Where'd THAT come from?

Almost to the day, ten years ago I began to write my first novel. I'd had an idea of story I wanted to read from the time I was fourteen and had read many a science fiction book. But...I had absolutely no ability or desire to write it myself.

Words do not come easy...or so I thought. If order flowers I have to get help from the clerk to determine what to write on the little cards. You know, those little ones, the ones that should say something nice or appropriate to the sentiment of the occassion. Well, I can look at one of those cards and begin to bleed out my eyes before anything comes to mind. Then I have to destroy a couple as I change my mind. Luckily for me, age has brought me the gift of less embarrassment. I now merely ask the clerk what would be good. It saves time and the recipient isn't as horrified or disappointed. Ditto with memos and letters.

I thought if I ever met a writer I would give them the idea for this book and they would write it and I would read it. Since I didn't want any preconceived ideas of how the book would go, I made sure not to think about it. Then I found out writers have their own ideas and don't want anyone else's. I was a little miffed to discover this. My husband of twenty years gave me a look and told me if I'd written a page a month I'd be finished by now and know how it ended. I decided to start the next day. But, I couldn't write it.

As I lay down to sleep that night, a person came into my head, the younger sister of my heroine. She had been inspired into action by her older sister's success. I jumped up and wrote that down. The next day, I began to write the younger sister's story and as it unfolded over the next nine months, out of the murky depths of my innermost mind, the bare bones of the first story came out of the mist.

Since then I've learned I really am a writer of novels. That book finished in nine months, the next almost nine years. I still can't write those pesky little cards for flowers etc without feeling like I'm against the wall they use for the firing squad. Talent can be like that.

The Proving Zone stories flow from the tips of my fingers like a symphony of flavors, scents, and delights. Other writingly stuff--not at all. The purpose of this post, should I be too dense to pick the right words to get my thoughts across, is to share my belief that writing talent, ability, and desire are not the stuff of knowing, it is the stuff of exploration. Writing novels gives me great joy and contentment as I root around in my murky head for the perfect word or phrase to describe exactly what my characters taste, feel, or do.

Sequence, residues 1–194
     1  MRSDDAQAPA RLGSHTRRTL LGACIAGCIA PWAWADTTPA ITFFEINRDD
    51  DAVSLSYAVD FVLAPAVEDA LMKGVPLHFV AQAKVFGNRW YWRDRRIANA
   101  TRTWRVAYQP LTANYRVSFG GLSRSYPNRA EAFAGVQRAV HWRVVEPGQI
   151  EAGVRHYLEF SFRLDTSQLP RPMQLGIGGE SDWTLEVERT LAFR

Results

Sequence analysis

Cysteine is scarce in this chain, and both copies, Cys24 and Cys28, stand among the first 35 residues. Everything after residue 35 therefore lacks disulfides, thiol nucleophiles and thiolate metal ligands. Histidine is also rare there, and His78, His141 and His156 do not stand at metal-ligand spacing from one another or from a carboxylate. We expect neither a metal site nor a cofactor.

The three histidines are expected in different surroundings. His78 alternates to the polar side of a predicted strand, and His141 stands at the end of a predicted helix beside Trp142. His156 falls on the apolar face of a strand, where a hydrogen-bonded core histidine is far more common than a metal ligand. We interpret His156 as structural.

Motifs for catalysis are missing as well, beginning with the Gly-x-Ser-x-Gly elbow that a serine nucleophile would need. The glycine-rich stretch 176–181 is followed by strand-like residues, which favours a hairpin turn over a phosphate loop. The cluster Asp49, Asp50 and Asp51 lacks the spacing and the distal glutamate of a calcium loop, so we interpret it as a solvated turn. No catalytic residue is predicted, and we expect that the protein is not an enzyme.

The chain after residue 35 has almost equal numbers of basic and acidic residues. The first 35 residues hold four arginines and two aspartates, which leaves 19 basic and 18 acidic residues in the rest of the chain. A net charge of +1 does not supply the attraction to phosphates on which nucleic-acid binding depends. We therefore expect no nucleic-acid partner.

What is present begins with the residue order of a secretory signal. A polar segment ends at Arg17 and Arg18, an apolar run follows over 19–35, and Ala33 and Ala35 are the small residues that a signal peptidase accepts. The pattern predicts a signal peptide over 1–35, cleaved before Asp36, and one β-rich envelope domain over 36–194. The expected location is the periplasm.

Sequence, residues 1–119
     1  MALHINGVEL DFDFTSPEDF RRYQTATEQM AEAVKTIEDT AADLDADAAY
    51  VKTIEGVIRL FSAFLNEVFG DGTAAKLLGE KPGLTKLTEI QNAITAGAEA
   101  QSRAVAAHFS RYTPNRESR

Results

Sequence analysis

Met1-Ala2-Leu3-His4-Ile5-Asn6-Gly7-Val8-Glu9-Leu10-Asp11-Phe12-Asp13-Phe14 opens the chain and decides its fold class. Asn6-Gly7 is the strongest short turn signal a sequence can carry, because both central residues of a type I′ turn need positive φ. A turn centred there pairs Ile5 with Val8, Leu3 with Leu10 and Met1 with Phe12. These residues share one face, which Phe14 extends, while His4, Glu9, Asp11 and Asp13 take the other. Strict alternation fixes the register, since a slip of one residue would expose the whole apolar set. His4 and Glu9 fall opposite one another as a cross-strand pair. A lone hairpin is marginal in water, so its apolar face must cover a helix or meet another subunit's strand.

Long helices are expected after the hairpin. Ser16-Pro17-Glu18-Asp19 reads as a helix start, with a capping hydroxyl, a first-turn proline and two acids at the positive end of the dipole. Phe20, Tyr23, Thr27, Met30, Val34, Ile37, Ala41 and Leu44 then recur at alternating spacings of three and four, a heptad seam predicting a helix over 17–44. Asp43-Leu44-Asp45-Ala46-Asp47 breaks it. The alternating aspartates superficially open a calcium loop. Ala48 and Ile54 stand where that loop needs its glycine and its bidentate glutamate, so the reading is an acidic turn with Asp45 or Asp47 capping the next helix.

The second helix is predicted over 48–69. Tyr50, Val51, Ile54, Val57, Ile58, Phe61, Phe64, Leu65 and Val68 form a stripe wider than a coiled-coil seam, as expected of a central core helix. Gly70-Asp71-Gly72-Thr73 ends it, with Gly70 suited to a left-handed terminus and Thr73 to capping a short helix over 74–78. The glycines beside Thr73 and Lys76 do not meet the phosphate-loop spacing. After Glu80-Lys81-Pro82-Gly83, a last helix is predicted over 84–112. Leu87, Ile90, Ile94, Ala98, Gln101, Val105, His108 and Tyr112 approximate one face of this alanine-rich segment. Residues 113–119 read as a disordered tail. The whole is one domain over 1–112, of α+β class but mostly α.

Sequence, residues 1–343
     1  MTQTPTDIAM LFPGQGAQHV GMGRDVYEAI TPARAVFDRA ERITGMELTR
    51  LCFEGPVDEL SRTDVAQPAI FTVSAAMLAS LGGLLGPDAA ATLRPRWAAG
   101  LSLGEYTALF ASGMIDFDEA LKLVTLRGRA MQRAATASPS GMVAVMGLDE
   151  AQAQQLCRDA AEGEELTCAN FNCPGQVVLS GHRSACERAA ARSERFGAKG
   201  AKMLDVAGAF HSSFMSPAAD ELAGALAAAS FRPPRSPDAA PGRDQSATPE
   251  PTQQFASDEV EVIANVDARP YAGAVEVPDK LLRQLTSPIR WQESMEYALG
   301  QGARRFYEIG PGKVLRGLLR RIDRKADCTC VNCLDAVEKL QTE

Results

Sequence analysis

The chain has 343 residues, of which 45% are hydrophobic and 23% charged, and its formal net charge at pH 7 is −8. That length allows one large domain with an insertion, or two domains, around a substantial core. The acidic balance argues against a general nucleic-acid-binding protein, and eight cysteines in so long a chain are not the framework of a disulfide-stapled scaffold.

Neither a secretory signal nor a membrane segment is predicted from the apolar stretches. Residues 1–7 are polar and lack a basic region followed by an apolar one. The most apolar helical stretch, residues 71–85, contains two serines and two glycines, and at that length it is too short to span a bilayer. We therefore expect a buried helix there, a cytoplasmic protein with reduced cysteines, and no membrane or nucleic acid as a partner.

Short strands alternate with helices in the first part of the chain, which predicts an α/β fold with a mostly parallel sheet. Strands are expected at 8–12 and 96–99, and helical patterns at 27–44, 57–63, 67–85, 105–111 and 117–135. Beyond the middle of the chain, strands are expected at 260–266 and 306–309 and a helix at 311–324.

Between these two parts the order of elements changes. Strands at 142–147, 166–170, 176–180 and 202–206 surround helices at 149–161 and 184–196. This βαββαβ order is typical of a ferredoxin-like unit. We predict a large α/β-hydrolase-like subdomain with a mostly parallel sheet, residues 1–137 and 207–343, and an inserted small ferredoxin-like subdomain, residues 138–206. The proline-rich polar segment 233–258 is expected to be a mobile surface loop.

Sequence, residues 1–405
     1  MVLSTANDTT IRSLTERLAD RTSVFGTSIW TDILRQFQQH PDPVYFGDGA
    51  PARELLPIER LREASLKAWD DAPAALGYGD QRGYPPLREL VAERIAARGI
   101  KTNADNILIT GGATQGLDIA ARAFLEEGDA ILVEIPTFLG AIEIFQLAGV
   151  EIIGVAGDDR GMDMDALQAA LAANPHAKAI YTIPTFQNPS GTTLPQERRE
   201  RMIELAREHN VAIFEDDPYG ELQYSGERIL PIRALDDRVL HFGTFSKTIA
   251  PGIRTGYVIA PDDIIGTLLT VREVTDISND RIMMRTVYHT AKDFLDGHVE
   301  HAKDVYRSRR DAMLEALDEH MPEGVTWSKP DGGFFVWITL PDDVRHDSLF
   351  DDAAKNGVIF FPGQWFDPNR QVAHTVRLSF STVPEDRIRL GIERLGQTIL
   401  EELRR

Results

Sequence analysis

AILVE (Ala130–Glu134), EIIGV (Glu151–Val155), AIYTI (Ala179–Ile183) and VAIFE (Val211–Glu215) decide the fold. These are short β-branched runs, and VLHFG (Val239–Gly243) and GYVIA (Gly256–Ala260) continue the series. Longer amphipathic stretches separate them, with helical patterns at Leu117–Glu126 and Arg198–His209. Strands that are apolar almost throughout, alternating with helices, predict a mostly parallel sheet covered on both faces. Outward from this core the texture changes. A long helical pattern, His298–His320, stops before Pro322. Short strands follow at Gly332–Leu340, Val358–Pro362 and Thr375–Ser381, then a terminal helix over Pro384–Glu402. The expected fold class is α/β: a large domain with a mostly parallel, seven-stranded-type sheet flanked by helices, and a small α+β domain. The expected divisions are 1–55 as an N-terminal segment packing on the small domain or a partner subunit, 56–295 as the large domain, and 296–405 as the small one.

The next best joy is that 'gotcha' moment when readers who would not normally read my kind of novel become engaged in it--sometimes to the point they read all night. As an author, I love THAT feeling!

I hope you feel encouraged to begin. Don't let age, condition, preconceived lack of talent, hail, mist, or dead of night stop you from enjoying the process of writing whatever kind of writing you find fun to do.

About those who say nasty things about your writing or thoughts on it. Please remember: Not every story is for every reader.

9 comments:

Joan Vincent said...

Nina, thank you for sharing your journey. On the Beau Monde loop they have been discussing writing versus success and the tough market. One writer, Delle Jacobs, posted the following --Do your best to treasure
the journey of your writing, because all the other parts- "the fame, validation, money, etc, are elusive. And perhaps, in terms of a life well lived, are not what is truly valuable." Not that they are saying not to pursue success but to take joy from the smaller successes of say, mastering grammer, constructing a sentence, a paragraph, or a scene that satisfies and pleases your dramatic sense, or finishing a manuscript. Listen to the inner voices of your characters, not the ones with doubt or even the ones from the outside. Just write. It's the first step to any form of success.

Reese Mobley said...

This is the perfect post for anyone who is afraid to put pen to paper for the first time. I love to write and still get giddy when I find the perfect word or sentence to complete my thoughts.